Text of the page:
Variety reports that there is an effort by a media coalition consisting of the major broadcast networks, Dow Jones & Co. and the Hearst Corporation to have the federal court trial over California’s Proposition 8, which restricts same-sex marriage in the state. The plaintiffs do not object to the broadcasting of the trial nor do their attorneys. However, cameras have never been allowed in federal courtrooms beyond covering oral arguments.
That may change with this case, officially called Perry v Schwarzenegger (who knew that he could do courtroom drama as well as action movies?), as there is an experimental basis with allowing coverage of some cases in order to better educate the public about the judicial process. The decision to broadcast and webcast the trial rests with U.S. District Court Judge Vaughn Walker. According to Variety, Walker has already set up an overflow courtroom with a closed-circuit feed, which will allow journalists to text and tweet during the proceedings (as long as it’s not disruptive so I hope no journalists LOL and certainly not ROTFLMAO or else everyone will be like WTF).
Hit the jump to learn why the defense is fighting against this attempt to broadcast the trial.
However, defenders of the proposition (unsurprisingly) object citing that exposure may subject witnesses and litigants to intimidation and a broadcast will undermine the right to a fair trial. Chris Cooper, attorney for the defense, referred to the heated aftermath of the 2008 election where Californians voted to amend their constitution to ban same-sex marriage, which was their dumbest decision since electing the star of Hercules in New York as their governor. Cooper cites the harrowing aftermath of the decision marked by protest rallies, marches and, in some cases, boycotts. To think that such non-violent, perfectly legitimate repercussions could happen again…it’s chilling to even think about it.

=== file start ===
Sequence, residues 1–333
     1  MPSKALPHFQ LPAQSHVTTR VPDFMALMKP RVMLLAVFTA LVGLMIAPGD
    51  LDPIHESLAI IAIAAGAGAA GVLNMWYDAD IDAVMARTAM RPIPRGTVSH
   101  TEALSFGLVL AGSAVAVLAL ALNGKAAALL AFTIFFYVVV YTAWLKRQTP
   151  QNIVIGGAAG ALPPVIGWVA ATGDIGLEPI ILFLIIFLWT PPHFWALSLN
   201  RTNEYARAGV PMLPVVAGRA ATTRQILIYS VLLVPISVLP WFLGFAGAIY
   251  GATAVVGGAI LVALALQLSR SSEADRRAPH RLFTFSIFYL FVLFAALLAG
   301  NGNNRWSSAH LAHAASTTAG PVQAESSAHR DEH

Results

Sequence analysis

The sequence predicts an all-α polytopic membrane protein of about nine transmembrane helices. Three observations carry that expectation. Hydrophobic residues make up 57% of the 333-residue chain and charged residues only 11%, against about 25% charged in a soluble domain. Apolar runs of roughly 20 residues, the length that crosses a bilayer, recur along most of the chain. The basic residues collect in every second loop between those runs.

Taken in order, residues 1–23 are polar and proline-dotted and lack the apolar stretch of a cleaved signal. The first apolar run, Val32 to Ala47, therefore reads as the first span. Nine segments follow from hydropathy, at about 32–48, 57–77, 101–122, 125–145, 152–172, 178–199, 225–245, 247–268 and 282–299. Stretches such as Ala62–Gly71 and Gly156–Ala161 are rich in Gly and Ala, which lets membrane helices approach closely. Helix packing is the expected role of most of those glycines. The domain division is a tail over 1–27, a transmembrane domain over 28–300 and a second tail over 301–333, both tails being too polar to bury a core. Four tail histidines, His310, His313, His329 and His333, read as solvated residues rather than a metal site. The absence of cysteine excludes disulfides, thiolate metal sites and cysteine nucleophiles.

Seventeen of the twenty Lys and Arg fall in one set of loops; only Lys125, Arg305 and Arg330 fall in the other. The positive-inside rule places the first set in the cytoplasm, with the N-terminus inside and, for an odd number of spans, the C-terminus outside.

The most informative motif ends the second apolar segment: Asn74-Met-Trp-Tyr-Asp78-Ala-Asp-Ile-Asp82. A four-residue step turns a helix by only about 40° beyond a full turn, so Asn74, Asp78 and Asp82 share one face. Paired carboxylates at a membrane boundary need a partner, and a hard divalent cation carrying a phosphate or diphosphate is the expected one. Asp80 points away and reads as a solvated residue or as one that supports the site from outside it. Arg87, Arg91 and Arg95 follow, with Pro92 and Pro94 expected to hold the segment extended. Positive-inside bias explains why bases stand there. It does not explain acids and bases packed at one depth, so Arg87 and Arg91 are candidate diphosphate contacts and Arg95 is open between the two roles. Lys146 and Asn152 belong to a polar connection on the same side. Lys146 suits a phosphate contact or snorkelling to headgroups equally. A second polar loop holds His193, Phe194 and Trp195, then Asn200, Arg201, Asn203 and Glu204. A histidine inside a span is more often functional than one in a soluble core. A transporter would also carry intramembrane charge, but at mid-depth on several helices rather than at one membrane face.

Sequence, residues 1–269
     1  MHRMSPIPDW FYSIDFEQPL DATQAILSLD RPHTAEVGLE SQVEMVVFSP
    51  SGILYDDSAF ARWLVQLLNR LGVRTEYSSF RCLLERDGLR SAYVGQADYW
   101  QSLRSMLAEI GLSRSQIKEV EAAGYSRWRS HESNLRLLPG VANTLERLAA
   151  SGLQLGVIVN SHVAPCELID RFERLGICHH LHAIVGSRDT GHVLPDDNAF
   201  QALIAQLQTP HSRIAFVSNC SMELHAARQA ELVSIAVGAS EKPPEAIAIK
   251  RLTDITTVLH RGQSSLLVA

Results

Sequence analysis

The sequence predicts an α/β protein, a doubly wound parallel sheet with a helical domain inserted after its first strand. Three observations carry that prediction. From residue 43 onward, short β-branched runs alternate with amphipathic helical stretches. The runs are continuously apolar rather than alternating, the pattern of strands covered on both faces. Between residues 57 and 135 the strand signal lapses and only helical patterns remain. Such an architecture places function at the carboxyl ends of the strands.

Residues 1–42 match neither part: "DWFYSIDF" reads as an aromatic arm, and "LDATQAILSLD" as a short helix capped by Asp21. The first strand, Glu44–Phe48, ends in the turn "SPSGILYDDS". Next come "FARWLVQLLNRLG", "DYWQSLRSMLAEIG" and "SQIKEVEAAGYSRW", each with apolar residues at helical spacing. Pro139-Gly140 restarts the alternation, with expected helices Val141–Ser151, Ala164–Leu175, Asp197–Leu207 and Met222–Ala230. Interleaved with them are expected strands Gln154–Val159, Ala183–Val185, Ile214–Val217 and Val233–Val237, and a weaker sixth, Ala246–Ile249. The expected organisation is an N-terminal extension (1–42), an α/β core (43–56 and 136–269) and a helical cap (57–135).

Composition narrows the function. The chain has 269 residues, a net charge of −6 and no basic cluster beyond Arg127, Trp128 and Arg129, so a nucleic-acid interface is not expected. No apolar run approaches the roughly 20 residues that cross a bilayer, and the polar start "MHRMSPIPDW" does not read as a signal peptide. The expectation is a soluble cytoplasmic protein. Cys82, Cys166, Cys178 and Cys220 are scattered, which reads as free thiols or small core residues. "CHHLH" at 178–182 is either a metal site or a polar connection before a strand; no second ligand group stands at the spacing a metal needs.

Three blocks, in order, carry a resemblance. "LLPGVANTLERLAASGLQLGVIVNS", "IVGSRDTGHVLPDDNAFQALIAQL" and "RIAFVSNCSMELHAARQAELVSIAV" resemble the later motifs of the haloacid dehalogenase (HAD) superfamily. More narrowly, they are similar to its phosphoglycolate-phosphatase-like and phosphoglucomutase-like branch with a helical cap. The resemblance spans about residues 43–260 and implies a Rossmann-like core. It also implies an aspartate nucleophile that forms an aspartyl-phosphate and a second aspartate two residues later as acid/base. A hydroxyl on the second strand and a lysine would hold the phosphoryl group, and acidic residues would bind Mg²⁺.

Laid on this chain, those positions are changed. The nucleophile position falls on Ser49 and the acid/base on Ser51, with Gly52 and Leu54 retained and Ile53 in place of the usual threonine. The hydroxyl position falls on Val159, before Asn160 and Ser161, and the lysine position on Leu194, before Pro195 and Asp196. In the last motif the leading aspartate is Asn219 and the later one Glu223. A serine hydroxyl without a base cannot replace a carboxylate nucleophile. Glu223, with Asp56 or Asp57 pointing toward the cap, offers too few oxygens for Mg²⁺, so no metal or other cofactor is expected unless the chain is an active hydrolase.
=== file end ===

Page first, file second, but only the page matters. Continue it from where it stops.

Thomas Burke, attorney and representative of the media coalition noted that since it’s a public trial, witnesses will be identified whether there are cameras or not. Burke also points out that the case is in the interest of the public, saying, “It is not about a crime or an individual. The issues in this case are political, social, and religious.”
Here’s my question: if the proponents of Prop. 8 are so confident in their victory last November and believe it was right to amend the constitution to prohibit same-sex marriage, then why wouldn’t they want to make their case in court with the whole nation watching live? I think we’d all benefit by seeing this play out in real time, and not just in 140 characters or less.